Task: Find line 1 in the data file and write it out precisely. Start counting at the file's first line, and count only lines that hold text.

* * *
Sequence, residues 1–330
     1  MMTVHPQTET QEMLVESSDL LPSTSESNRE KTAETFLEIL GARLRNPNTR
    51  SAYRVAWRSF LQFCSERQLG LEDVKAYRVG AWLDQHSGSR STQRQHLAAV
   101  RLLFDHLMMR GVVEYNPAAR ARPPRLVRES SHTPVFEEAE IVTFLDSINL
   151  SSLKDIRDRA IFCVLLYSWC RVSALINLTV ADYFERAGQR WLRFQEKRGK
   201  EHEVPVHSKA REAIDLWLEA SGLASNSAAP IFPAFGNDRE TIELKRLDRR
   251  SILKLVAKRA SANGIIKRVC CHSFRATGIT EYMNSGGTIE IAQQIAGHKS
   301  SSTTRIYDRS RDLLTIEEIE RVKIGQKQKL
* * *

Sequence, residues 1–330